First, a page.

As anxious as we are to travel through time, that pesky grandfather paradox always gives us pause. For the uninitiated, the grandfather paradox is the troubling problem that a time traveler runs into when journeying to the past: it’s the possibility that a time traveler could do something in the past that will prevent his or her grandparents from meeting and conceiving one of the traveler’s parents, thus negating the traveler’s own existence. A group of scientists think they have solved the problem with a bizarre, yet completely reasonable, quantum theory.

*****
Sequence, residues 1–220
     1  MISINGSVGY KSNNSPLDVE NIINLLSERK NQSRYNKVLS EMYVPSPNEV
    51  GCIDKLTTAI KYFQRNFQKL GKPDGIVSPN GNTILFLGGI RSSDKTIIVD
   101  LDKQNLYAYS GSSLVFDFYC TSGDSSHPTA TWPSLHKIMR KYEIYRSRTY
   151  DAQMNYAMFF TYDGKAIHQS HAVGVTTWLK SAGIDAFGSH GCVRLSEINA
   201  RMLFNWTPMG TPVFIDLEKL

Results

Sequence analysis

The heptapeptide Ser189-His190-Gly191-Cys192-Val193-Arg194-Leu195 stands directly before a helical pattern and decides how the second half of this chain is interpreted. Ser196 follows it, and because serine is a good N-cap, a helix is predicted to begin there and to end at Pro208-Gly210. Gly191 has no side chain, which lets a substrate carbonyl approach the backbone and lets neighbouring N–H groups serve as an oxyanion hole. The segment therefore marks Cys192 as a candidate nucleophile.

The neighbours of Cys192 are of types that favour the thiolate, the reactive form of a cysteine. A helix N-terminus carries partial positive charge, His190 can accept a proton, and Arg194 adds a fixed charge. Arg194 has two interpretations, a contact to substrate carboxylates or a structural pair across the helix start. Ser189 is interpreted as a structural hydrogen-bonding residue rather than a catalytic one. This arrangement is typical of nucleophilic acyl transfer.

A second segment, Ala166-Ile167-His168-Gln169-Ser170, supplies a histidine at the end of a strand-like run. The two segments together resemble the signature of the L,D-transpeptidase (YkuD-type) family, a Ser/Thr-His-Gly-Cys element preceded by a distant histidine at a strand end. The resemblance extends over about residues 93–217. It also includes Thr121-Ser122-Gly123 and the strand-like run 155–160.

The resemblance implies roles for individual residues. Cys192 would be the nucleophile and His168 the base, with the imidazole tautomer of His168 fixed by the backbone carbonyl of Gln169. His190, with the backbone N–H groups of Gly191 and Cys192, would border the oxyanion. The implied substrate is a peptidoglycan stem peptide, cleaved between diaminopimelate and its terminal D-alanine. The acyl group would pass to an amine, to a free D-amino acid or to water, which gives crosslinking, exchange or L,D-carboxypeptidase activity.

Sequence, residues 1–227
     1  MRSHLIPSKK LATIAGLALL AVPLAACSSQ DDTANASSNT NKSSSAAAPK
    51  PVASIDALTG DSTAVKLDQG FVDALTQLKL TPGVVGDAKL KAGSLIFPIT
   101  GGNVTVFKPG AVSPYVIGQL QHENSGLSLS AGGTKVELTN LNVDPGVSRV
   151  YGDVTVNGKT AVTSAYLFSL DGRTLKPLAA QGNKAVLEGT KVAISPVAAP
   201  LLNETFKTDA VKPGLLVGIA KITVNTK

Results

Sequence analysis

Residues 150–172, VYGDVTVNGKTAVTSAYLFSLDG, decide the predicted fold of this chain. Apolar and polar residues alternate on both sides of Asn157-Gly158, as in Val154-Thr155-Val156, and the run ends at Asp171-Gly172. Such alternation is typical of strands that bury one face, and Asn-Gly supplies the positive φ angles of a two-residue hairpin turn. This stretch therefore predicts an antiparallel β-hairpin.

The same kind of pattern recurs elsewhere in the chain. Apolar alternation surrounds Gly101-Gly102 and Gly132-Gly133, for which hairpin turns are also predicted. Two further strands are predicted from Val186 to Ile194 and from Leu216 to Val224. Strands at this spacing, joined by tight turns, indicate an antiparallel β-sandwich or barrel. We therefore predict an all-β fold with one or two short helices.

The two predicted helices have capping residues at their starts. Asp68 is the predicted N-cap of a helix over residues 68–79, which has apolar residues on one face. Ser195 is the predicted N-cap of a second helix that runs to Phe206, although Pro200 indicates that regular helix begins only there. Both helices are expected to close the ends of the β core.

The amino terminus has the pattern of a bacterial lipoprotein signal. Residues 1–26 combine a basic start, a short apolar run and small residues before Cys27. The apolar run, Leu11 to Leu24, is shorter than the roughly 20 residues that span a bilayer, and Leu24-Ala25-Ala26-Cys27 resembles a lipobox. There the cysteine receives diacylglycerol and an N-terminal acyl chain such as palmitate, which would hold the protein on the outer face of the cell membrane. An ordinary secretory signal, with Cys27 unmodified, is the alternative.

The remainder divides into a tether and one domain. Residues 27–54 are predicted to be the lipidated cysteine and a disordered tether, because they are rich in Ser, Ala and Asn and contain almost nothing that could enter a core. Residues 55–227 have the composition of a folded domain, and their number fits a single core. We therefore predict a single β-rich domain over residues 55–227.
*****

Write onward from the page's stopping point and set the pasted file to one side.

The theory is based on postselection, one of the most fascinating components of quantum computing. It’s the quality that allows all possible solutions for a problem to be computed at the same time, with the most correct solution being chosen afterward. Theoretically, this principle combined with the principle of quantum entanglement would allow particles to travel backward in time in a paradox-free quantum time machine.
Two big benefits of this theoretical time travel method: no bending of the space-time continuum is needed, and the grandfather paradox is eliminated. The second benefit is true because no matter what happens, there was already a chance of it happening…in other words, there are no surprises in quantum time travel. The theory hasn’t yet been tested, but the entire mind-blowing paper can be read here (if you can handle all that quantum theory).